As an active individual, you often identify with your sport. You are a runner, a boxer, a weight lifter or a footballer. So when an injury takes you away from that sport, life as you know it changes completely.
Day-to-day tasks that were once easy are now challenging; your schedule changes because everything takes longer; you experience pain that isn’t normal and your mind-set is different because you don’t have your stress-relief outlet.
You begin to go stir-crazy and start feeling more aches and pains that do not even feel related to your injury. An injury affects your entire world, but the truth is, it doesn’t have to.
When an injury occurs, it may initially only effect about 10% of our body. So what happens to the other 90%?
Often when an athlete is injured, they focus solely on the injury and forget that the other 90% of their body is healthy and in fine working condition. Just because your knee, elbow or shoulder is restricted, does not mean that all of your other joints are too. It is important to use the other 90% to maintain fitness levels, decrease stress and assist the rehabilitation process.
Of course it’s not always this black and white, each scenario is specific to the individual, but that’s why we love our jobs.
At SV Sports Therapy, we get to assess, design and implement treatment programmes that are tailored to each person’s specific needs.
Keeping this active recovery philosophy in mind, an individualised programme incorporates both hands-on treatment and specialised exercises to allow each person to rehabilitate his or her injury without neglecting the other 90% of their healthy body.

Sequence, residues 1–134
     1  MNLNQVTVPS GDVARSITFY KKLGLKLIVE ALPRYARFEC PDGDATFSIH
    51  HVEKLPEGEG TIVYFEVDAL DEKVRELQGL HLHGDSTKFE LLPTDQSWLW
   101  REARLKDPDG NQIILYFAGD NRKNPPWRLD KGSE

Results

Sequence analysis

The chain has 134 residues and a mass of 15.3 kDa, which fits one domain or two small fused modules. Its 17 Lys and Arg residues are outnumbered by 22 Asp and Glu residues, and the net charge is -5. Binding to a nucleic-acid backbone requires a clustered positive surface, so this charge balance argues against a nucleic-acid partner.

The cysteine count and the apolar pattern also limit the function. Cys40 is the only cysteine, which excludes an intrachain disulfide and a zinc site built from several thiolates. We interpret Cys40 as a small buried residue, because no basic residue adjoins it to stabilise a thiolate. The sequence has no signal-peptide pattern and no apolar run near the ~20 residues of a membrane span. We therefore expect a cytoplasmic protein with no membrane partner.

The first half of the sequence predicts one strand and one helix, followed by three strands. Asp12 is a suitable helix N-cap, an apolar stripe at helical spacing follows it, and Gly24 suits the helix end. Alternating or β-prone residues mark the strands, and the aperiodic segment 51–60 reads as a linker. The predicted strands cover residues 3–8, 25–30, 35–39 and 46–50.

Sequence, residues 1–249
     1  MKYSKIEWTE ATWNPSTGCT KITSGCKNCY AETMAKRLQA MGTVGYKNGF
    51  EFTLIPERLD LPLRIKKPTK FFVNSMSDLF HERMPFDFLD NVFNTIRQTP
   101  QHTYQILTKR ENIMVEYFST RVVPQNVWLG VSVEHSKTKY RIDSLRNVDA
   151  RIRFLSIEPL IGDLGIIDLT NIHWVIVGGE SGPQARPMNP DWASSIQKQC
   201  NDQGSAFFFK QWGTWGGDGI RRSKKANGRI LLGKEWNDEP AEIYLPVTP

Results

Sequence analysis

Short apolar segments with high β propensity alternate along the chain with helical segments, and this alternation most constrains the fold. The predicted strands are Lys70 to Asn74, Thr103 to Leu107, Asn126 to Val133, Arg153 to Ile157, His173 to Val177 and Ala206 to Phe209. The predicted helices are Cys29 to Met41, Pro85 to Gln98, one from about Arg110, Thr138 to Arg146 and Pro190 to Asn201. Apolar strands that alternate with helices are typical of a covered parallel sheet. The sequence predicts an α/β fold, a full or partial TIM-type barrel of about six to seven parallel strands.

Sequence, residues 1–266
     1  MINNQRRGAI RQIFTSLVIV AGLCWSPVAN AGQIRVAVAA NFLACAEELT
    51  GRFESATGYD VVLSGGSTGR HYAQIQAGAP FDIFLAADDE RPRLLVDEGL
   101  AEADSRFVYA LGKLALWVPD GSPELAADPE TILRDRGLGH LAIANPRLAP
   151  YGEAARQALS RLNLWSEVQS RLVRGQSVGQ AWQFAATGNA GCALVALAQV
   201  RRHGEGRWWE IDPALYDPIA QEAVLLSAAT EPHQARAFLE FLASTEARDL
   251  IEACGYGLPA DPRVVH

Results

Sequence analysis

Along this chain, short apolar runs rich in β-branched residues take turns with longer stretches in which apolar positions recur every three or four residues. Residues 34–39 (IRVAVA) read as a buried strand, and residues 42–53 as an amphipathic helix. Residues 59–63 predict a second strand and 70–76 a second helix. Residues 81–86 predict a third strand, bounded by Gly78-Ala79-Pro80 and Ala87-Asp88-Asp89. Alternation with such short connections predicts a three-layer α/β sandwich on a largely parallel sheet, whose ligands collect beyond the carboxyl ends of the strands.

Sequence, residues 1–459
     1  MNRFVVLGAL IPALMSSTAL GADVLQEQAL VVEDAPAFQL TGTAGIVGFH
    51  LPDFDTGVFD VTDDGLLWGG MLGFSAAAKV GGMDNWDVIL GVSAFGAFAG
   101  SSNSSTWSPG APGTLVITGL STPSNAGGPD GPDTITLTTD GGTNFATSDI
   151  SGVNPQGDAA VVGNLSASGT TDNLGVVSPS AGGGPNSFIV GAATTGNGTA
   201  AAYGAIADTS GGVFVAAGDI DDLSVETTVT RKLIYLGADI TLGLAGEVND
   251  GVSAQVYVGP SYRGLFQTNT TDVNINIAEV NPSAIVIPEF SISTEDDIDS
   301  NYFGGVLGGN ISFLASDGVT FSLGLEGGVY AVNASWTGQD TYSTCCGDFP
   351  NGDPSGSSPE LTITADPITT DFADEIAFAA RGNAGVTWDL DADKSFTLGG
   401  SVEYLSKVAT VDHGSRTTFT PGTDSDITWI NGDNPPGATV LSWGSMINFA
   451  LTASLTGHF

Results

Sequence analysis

This treatment style ensures you stay fit and get back to your activity or sport sooner rather than later. Our specialty is keeping people with injuries active!
So the next time you have an injury, ask us how you can continue training that 90% while healing the injured 10%.
Case Study: Kody Vaisanen, ice hockey player
Kody suffered a full ACL rupture while playing ice hockey in Canada and had reconstructive surgery to repair it. In the videos, he is performing exercises in the late stages of healing (8 - 9 months post-operation), on the brink of returning to playing.
As he is a high level competitive ice hockey player, the aim was to challenge the lower body in a sports specific environment.
Although he is not on the ice, challenging him with agility and plyometric work on dry land helps ensure he is ready to be back on the ice.